Trump Changes Course, Will Use Existing Law To Review Chinese Tech Investments
The Trump administration will not impose blanket restrictions on Chinese investment in the U.S., but will instead rely on enhancements to an existing review process in an effort to protect the country's sensitive technology know-how.
The decision follows a lengthy debate within the administration over how to deal with China's aggressive push into industries of the future and what the White House considers China's unfair treatment of U.S. firms' intellectual property.
The president had called for wide-ranging restrictions on Chinese investment in U.S. companies, along with tariffs, as a way to prevent China from acquiring American-made technology. But after months of deliberation, the administration has opted to rely on a case-by-case review instead.
That review would be conducted through the existing Committee on Foreign Investment in the United States, or CFIUS. The committee's powers are likely to be strengthened through legislation that is pending in Congress.
In a statement, the president said:
"I have concluded that such legislation will provide additional tools to combat the predatory investment practices that threaten our critical technology leadership, national security, and future economic prosperity."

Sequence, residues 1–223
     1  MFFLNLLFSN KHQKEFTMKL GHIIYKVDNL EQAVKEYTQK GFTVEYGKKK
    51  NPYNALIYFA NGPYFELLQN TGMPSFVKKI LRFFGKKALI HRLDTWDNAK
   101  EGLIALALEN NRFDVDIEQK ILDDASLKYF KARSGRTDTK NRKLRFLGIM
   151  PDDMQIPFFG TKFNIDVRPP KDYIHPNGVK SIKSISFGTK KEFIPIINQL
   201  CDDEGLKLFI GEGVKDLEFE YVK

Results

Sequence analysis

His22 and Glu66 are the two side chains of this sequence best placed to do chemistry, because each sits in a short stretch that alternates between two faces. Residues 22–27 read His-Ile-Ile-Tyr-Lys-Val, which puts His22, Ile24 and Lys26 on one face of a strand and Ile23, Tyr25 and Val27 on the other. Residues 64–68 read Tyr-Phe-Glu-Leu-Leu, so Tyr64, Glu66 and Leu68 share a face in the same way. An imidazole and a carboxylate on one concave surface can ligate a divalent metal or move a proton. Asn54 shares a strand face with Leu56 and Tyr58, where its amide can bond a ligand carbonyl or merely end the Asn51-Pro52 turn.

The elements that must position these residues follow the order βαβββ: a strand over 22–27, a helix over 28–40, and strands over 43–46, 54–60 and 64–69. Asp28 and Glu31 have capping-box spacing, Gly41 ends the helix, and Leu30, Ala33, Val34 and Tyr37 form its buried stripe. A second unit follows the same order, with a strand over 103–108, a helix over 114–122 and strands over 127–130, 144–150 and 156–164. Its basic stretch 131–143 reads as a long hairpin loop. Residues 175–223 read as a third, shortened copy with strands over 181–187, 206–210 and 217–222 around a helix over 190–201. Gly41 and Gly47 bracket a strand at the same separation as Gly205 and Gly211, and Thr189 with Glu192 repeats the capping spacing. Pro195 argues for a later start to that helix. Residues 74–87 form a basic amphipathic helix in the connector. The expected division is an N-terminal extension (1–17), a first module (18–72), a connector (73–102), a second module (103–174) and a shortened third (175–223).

Trump held out the threat of taking additional steps if Congress fails to approve the tougher legislation.
At times, the administration has floated more severe restrictions in what appeared to be a good cop/bad cop routine between more conciliatory officials, such as Treasury Secretary Steven Mnuchin, and hard-liners, such as White House trade adviser Peter Navarro.
Officials insist the reliance on a modified CFIUS approach is not a retreat from tough restrictions on China. Rather, they say, it's a process that is well understood by the U.S. business community and one that maintains an open investment climate.
The proposed legislative changes would broaden the scope of investments subject to CFIUS review and close what the administration called "loopholes."
The administration will still impose $34 billion in tariffs on Chinese goods effective July 6, and China has pledged to retaliate. The president has threatened to impose an estimated $450 billion in tariffs on Beijing in an effort to reverse what he has labeled as bad trade deals with China.
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